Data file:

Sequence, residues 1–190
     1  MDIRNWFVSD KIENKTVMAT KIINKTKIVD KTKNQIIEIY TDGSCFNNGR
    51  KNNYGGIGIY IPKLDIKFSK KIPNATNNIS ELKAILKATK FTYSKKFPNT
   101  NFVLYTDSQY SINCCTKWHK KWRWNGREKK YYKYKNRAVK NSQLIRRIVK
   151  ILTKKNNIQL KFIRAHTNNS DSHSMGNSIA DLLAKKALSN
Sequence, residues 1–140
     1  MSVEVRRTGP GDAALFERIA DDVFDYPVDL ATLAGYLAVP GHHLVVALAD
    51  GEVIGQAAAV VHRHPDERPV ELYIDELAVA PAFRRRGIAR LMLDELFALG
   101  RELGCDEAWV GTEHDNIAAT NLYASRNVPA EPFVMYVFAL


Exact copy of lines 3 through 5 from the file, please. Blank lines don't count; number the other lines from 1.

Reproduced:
    51  KNNYGGIGIY IPKLDIKFSK KIPNATNNIS ELKAILKATK FTYSKKFPNT
   101  NFVLYTDSQY SINCCTKWHK KWRWNGREKK YYKYKNRAVK NSQLIRRIVK
   151  ILTKKNNIQL KFIRAHTNNS DSHSMGNSIA DLLAKKALSN